Your browser is not supported. Please update it.

2 June 2017

Toyota makes Automotive Grade Linux’s debut in new Camry

By Jack Vernon

Toyota has announced that its 2018 Camry will be the first car on the market to use Automotive Grade Linux (AGL) for its in-vehicle infotainment (IVI) system. A significant win for the open source project, Toyota plans to roll out the AGL platform to most of its Toyota and Lexus vehicles, the company announced this week – in contrast to Audi and Volvo’s move towards Android as their IVI choice.

There is rampant online speculation that this means BlackBerry’s QNX OS and IVI framework will no longer be used in Toyota’s infotainment systems – marking a notable, if partial, loss for BlackBerry. There seems to be a large amount of confusion in online outlets around this issue, but it appears that AGL could be used in conjunction with QNX if desired.

AGL is part of the Linux Foundation, and its members include Daimler, Suzuki, Ford, Honda, Jaguar Land Rover, Mazda, Mitsubishi Motors, Nissan, and Subaru. Toyota will be using AGL to for IVI, however the platform is also being developed to deliver all the software a vehicle might require –  from instrument clusters, heads up displays, telematics, advanced driver assistance systems (ADAS) and autonomous driving. In time, this could lead to AGL encroaching on QNX’s currently comfy market position.

The announcement comes as no surprise, as Toyota has long been AGL’s biggest supporter. The company has deep pockets, as the world largest automaker, with an 11% share of the global car market – which should improve the chance of success for any development projects it is involved in.

Toyota says it has been feeling the pressure to lead in satisfying consumer demand for IVI, and maintain its dominant position in the auto industry. Toyota notes that the AGL platform is flexible, and can be easily rolled out across its vehicle line-up.

The news comes in contrast to Audi and Volvo announcing that they would be using Android for its IVI car platform. Although Android is also an open source platform, it is an ecosystem dominated by Google due to its application licensing practices – something that smartphone vendors are very aware of. Opting for AGL might enable Toyota to expert a greater degree of control over the cars IVI ecosystem, and should alleviate any fears it might have regarding vendor lock-in.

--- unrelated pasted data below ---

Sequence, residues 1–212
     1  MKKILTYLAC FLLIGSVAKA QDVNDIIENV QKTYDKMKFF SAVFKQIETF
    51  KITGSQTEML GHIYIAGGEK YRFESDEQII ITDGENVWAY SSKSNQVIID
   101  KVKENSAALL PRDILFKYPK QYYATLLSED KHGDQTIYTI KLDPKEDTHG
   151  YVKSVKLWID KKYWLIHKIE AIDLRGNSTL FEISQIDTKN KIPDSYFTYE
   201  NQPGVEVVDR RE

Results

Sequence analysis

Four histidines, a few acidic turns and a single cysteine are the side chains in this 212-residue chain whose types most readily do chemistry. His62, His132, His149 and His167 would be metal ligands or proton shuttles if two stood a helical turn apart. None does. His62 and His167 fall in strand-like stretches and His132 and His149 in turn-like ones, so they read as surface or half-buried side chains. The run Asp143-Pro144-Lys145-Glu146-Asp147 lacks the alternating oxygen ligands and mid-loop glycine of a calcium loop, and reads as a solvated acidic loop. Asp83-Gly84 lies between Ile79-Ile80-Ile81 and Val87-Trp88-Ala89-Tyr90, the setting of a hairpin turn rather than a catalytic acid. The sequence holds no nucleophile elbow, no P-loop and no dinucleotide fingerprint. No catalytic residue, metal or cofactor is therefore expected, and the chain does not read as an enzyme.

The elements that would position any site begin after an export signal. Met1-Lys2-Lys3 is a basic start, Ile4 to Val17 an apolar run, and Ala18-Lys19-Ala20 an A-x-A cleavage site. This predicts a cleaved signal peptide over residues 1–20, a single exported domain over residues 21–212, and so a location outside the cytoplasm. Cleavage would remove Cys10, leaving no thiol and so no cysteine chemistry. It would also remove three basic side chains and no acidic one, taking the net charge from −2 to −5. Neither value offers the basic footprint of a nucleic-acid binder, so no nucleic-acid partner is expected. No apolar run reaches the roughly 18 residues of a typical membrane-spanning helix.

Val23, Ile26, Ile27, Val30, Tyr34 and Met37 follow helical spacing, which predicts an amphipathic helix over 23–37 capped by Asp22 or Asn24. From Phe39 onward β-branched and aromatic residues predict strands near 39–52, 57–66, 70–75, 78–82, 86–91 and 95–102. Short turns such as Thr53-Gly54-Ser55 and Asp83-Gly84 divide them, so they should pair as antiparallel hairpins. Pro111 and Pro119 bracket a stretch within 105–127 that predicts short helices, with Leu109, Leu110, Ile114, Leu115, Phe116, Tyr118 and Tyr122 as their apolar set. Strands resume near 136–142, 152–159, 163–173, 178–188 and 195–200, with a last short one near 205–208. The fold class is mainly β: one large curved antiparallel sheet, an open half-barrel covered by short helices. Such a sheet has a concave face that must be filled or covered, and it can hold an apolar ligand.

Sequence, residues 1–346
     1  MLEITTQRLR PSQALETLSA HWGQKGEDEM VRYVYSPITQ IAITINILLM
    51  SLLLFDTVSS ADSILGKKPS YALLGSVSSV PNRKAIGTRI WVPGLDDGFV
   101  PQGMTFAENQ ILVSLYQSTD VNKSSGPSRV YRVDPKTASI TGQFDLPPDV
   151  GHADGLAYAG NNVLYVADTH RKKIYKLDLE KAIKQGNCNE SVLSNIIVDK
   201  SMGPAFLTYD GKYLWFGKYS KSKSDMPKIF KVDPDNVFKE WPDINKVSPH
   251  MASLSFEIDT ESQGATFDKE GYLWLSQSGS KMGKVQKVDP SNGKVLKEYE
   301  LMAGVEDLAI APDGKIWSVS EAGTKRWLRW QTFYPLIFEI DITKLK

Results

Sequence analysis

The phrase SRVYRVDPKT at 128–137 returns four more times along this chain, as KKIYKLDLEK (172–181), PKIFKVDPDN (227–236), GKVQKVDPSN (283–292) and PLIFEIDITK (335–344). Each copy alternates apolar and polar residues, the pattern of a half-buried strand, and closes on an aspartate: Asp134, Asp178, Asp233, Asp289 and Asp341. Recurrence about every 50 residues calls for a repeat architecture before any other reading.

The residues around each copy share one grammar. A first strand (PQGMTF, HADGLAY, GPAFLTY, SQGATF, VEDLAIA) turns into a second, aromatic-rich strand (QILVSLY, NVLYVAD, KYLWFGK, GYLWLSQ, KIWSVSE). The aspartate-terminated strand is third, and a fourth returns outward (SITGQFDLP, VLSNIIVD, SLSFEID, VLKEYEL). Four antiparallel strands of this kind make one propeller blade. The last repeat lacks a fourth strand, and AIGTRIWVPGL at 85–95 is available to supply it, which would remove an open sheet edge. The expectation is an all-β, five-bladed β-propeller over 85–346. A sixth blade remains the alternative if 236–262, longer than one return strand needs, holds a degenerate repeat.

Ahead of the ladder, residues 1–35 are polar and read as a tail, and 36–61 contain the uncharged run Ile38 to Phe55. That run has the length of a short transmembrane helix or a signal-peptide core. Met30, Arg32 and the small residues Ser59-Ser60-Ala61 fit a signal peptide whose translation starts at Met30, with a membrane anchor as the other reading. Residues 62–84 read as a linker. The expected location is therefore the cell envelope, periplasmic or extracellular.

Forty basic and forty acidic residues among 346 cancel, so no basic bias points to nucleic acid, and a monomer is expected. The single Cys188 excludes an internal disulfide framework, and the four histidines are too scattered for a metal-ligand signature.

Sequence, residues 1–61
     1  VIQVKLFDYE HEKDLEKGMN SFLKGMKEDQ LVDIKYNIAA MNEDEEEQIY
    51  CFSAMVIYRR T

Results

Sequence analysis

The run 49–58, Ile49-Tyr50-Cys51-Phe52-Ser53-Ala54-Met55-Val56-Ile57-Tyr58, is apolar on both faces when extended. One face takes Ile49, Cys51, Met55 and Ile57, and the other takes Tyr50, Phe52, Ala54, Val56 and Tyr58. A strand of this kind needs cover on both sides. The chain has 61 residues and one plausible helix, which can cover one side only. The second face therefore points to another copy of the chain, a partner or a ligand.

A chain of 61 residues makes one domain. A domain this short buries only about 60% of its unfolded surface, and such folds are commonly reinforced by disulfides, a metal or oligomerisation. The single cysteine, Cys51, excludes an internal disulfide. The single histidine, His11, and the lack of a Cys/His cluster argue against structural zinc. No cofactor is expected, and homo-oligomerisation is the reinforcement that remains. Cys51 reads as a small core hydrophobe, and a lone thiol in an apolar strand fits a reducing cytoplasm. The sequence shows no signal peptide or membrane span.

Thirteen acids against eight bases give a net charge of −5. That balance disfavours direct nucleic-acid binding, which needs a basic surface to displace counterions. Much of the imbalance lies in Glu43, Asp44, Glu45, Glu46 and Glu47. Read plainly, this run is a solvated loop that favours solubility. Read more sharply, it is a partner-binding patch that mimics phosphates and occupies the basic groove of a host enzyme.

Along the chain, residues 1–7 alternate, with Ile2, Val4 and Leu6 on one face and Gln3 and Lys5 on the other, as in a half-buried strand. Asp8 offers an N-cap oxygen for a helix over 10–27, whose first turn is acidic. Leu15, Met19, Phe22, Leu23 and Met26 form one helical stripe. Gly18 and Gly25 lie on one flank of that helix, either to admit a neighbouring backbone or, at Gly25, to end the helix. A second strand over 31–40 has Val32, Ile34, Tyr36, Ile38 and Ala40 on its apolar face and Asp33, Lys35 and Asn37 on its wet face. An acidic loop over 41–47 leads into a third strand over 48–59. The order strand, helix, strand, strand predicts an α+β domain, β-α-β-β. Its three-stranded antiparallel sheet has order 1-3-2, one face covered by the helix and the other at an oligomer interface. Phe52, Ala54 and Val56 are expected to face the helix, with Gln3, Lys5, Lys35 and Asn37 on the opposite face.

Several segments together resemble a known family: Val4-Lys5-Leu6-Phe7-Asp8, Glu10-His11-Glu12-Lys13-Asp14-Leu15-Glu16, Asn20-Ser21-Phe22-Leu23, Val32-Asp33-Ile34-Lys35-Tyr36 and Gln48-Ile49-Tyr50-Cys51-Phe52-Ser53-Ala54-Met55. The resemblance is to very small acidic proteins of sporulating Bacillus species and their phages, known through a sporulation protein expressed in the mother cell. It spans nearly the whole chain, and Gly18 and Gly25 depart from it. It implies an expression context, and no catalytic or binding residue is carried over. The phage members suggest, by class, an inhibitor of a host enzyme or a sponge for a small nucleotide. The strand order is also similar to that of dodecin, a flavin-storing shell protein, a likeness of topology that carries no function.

Elsewhere, Toyota has been involved in efforts supported by Ford to promote its SmartDeviceLink (SDL) technology for in-car application experiences. SDL is a framework that allows drivers to use content and features from their phones inside the car, but that also limits the extent to which the phone can sink its teeth into the cars ecosystem – as it dictates how the app can interact with the vehicle. While Toyota is opting for an AGL-based IVI system, we expect the automaker to incorporate SDL on top.

Automakers prize the data generated by both the vehicle and the driver inside their vehicles. In choosing an ecosystem like Android, the likes of Audi and Volvo are giving Google a window into that data and a leverage over the cars ecosystem. Some would argue that a company like Google is better placed to leverage that data on behalf of the automakers, but clearly not all automakers are onboard with this approach.

AGL is hosted by the Linux Foundation and currently has 100 members. AGL is not the only Linux-based automotive group, as the GENIVI Alliance also focuses on developing Linux-based automotive software – although GENIVI remains more focused on the pure IVI functions.

A notable distinction between the two groups is that GENIVI only shares its open source developments through its GENIVI Platform Compliance Specification, which it publishes twice a year – making GENIVI more of a private members club than an open standards development group.

Members of GENIVI include BMW, Delphi, GM, Intel, PSA Peugot Citroen ect, yet we are still waiting for an automaker to announce a IVI system based on the groups specification.

AGL and GENIVI both have similar goals – to not only develop IVI, but also the rest of the automotive software ecosystem. We aren’t sure why the pair haven’t merged their efforts, but for now, there enable two different approaches.

Unlike GENIVI, AGL is focused on building a Unified Code Base (UCB), rather than writing a specification like the GENIVI Alliance. GENIVI issues specification catalogs to members, leaving its members to complete code for applications – meaning that many proprietary extensions are written where the specification ends. AGL’s UCB approach has limited the amount of proprietary code and encouraged participators to work cooperatively.